In order to exhibit these relations of the igneous rocks to the stratified deposits in a clearer manner, the model is constructed so as to open on a diagonal section ( as in Fig. 9), and disclose the
pipe or chimney up through which the lavas rose from their deep source. The volcanic cones, presumably formed at the surface where the chimney opened at the three times of eruption, are here placed in their proper positions in the series of stratified deposits; but even the topmost cone is supposed to have been entirely buried by gradual submergence and by the accumulation of sands and muds upon it. The intrusive sheet is shown near the bottom of the stratified series. The whole series may then be named as follows. First, a moderate thickness of bottom sandstones, often conglomeratic; then, the intrusive sheet; next, the great series of lower sandstones and shales, also sometimes conglomeratic; then, the three extrusive sheets, with their intervening sandstones and shales. The first of the extrusions will be called the anterior sheet, the middle one is the main sheet, the third is the(for reasons that will appear more clearly further on), and they are separated by the anterior and posterior shales respectively. On the top of all come the upper sandstones and shales. The whole series is probably two miles thick, as already stated.
We may imagine in a general way that in time the estuary was filled with the detritus that was washed into it, and thus transformed into a lowland plain, like that of the Po, between the Alps and the Apennines; or like the plain of California, between the Sierra Nevada and the coast range. If it was not ultimately filled up so as to form n land area, it was at least a subaqueous plain of very even and level surface. The deeper layers of the formation may have sagged a little toward the middle of the estuary on account of the progressive depression that the region had suffered during the accumulation of the entire mass, but their departure from horizontality was moderate. Yet at present the whole series, with but trifling exceptions, inclines at an angle of twelve, fifteen, or twenty degrees to the eastward. Evidently a serious disturbance has affected the original attitude of the beds. The eastward slant or dip of the series might be imitated by Fig. 10. tilting the model over bodily, so that its upper surface should be inclined to the east; but this fails to represent the dislocations by which the mass is known to be traversed. The model was therefore made in several parts, each of which could be tilted independently of its neighbors, as shown in Fig. 10, the observer looking southeast. It is here made clear that while the dip of the beds is to the eastward, the course of the fractures by which they are dislocated is northeastward; this relation prevailing in a very constant manner in the region of the Meriden ash-bed. The blocks into which the mass is thus divided, five of which are shown in the model, have been moved by moderate amounts on one another; the movement varies from a few feet up to two thousand. This is called faulting, and its effect in this case is manifestly to break up the continuous surface of the inclined plane that would have been formed by simple tilting, and produce a discontinuous surface, with steps from one part to another. If we may judge by the angle at which the beds lie, the elevated edges of these dislocated blocks must have once risen high into the air, producing mountainous ridges of no insignificant relief. Yet at present nothing of this ancient constructional form is apparent. The tilting and faulting were both done so long ago that no part of the original surface remains. It has all been worn away. The best evidence of the antiquity of the dislocations is found in another State.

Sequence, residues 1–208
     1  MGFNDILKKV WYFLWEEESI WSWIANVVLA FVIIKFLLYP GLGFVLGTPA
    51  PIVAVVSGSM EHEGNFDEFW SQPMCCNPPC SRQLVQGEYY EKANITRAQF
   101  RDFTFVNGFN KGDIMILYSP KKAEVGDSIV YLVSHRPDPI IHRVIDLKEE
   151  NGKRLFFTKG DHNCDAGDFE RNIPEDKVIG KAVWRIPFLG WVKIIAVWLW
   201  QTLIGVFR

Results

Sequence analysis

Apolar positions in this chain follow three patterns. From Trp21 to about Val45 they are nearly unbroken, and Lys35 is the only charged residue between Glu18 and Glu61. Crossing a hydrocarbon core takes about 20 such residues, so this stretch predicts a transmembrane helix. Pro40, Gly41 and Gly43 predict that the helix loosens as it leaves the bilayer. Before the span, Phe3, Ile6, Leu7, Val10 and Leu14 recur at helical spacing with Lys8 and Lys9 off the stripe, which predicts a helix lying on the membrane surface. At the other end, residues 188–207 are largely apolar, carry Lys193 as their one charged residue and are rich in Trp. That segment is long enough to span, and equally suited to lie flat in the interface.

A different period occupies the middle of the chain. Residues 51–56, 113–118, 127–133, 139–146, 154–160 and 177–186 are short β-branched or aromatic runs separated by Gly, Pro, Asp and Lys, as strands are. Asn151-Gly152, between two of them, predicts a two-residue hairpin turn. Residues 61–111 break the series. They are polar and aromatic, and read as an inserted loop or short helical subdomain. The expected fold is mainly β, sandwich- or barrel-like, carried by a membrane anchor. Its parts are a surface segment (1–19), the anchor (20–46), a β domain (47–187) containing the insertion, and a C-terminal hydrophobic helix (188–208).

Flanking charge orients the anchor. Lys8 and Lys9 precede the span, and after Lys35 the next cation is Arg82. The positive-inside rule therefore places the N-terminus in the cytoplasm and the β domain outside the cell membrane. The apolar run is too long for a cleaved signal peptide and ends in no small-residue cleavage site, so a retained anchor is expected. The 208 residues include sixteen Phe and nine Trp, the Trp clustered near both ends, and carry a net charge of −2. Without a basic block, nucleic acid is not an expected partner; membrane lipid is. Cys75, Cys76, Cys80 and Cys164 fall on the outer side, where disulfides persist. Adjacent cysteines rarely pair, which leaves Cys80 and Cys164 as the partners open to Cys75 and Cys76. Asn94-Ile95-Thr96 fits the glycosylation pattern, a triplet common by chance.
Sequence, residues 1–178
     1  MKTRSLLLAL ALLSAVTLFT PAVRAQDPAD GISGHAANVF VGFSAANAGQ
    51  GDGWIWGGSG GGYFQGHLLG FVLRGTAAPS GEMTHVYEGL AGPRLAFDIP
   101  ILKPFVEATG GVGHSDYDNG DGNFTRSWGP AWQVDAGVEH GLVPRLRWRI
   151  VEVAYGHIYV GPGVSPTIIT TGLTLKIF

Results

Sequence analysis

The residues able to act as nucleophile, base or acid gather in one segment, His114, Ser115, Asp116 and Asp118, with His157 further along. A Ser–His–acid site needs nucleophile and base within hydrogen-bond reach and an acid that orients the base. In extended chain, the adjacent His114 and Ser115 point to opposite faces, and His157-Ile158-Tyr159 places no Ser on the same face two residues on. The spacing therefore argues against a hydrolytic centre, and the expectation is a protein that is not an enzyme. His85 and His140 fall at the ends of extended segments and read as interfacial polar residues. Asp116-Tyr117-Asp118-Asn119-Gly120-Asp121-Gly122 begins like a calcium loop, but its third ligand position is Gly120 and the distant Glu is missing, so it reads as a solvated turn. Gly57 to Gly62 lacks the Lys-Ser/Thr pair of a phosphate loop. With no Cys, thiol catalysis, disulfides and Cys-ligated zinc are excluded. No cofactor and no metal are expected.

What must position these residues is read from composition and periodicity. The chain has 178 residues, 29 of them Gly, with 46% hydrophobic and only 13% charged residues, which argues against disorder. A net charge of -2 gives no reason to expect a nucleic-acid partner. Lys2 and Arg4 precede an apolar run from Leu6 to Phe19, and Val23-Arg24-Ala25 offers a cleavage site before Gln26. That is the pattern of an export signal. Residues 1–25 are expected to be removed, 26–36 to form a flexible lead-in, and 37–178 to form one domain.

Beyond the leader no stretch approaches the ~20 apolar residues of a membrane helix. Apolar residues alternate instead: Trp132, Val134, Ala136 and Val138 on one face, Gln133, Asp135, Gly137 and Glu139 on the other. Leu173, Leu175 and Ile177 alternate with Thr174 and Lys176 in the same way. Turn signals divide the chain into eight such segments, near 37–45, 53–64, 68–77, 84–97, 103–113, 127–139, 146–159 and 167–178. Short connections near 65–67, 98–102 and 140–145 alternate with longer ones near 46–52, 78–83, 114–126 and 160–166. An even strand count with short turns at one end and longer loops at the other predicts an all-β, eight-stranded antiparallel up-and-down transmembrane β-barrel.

Down in New Jersey, the corresponding red sandstone formation is unconformably overlain by the Cretaceous strata of the coastal plain, proving that the sandstones were not only tilted but deeply eroded before the Cretaceous beds were laid upon them. The formations in New Jersey and Connecticut are so much alike that we may safely conclude that the period of dislocation was the same in both; hence we shall suppose that the Meriden sandstones and lava-sheets were tilted and faulted into the position illustrated in Fig. 10 during the interval between Triassic and Cretaceous time—that is, in the Jurassic period. From that time to now their history is concerned chiefly with the erosion by which their original constructional inclined planes have been reduced to their present surface of varied topography.